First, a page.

Pine litter is safe for cats with asthma.

It is one of the most highly recommended types of litter for kitties with asthma.

As long as the pine litter you choose doesn’t contain any harmful chemicals or dyes, it should be safe for your cat to use.

Cats with asthma tend to prefer clumping litter because it is easy to remove from a cat litter pan. However, the dust particles that clumping litters release into the air can cause problems for cats with asthma.

Pine litter does not have this problem and is recommended by many vets as a good alternative for cats with asthma.

Is cat litter bad for asthma?

The short answer is, that cat litter isn’t bad for asthma.

A more detailed answer would involve a few things.

First, what type of cat litter are you using? Clay-type litter or unscented low dust litter?

Clay-type litters are known to cause respiratory issues in cats through dust inhalation.

Clay-based dusty cat litters are bad for your cat with asthma.

However, dust-free, unscented natural cat litters are ideal for your asthmatic cat.

Asthma is a respiratory condition that affects the airways in your lungs. The airways become swollen and sensitive, which causes them to narrow and narrow. This makes it harder to move air in and out of the lungs.

The best food for cats with asthma

Cats with asthma are often allergic to something in the environment, like pollen or dust mites

As a result, a low-allergy diet is best for cats with asthma.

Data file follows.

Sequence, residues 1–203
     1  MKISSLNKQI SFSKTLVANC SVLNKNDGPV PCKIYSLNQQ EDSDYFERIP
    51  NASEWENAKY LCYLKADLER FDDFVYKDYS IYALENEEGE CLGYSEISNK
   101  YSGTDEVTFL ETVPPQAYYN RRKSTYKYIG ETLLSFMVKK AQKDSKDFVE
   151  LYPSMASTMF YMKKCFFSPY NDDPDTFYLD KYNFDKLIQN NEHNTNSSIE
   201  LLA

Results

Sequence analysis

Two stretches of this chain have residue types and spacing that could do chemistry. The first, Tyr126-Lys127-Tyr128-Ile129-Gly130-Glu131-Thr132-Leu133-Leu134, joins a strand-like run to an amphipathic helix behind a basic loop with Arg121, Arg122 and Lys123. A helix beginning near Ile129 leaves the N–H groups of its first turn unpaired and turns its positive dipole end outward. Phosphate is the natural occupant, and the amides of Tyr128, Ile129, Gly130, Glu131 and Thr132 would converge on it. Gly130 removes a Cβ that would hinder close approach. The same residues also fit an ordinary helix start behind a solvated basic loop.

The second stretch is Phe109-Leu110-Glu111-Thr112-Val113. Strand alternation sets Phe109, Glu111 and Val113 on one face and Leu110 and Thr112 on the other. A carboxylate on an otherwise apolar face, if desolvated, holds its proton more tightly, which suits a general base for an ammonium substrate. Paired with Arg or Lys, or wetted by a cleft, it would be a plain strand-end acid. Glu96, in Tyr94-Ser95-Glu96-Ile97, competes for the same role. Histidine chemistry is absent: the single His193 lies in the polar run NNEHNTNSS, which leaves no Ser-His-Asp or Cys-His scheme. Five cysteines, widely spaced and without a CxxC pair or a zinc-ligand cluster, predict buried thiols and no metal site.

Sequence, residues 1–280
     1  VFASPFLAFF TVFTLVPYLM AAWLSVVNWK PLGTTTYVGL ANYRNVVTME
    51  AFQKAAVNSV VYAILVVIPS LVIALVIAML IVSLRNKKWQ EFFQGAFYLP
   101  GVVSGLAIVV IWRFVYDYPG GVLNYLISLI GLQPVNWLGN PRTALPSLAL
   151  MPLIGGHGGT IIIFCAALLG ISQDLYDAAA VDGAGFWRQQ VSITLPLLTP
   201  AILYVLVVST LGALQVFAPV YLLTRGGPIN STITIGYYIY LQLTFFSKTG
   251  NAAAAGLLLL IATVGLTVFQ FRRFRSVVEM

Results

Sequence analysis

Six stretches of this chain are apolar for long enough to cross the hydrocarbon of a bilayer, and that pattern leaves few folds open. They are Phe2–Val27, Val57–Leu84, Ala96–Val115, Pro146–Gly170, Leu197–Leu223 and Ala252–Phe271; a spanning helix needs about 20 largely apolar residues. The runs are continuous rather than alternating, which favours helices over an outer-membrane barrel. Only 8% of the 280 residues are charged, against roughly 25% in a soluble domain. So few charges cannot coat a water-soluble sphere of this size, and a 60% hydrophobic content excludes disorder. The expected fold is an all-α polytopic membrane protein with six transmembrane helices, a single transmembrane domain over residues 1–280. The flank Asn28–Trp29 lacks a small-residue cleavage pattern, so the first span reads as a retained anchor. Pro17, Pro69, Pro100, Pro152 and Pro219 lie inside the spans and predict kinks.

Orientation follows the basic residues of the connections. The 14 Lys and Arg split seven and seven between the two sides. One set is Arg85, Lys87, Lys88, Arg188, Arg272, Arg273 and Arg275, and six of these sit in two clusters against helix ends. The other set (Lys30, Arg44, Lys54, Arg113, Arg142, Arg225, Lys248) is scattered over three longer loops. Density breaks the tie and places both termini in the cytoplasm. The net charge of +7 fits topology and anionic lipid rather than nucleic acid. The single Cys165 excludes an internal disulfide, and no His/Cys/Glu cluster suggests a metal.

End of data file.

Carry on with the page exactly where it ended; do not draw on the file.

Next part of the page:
The food should have a single protein source so that if your cat has an allergy, you can narrow down the source.

Cat food for asthma should contain certain ingredients that promote healthy respiratory systems. Some of these ingredients include:

Cats with asthma are more prone to having allergic reactions to certain foods. Food allergies may be caused by grains, soy, dairy, corn, or other food ingredients.

Keep your cat on a limited-ingredient or grain-free diet for the best results.


Finding the best cat litter for your asthmatic cat can be challenging. However, there are plenty of great litters for cats out there that can help make the lives of cats with asthma easier.

The best cat litter for cats with asthma is, of course, a dust-free product, that doesn’t trigger an asthma attack.

It’s important to always follow veterinary advice when it comes to your cat’s asthma, and these litters can be a big help in making your home more asthma-friendly for your kitty.

In this blog, we hope to help current cat owners and potential cat owners find the right information on cat litter for cats with asthma. As you can see, there are several litters for cats with special features to control the respiratory disease.

Depending on the specifics of your cat’s asthma, some may offer better benefits than others. However, as long as your cat is litter trained, switching to one of these options may be worth it to improve quality of life and ensure a longer life span.

Plus, most of these products are naturally better for the environment, so not only will they help your cat but they will also ensure good health for the planet as well.

So, now that you’ve read this blog, what do you think is the best type of litter for your asthmatic cat?

Asthma in Cats: Questions and Answers for Concerned Cat Parents

Davis Wilkins

Davis Wilkins is a dedicated cat lover, with three cats under his care. He grew up in a cat-loving family, nurturing these feline friends. As a result, he purposed to share his cat knowledge with the universe. Wilkins has been writing professionally for over four years, specializing in feline care with a keen interest in litter box care and handling. He hopes to help other feline lovers achieve their pet care goals.

Keep Reading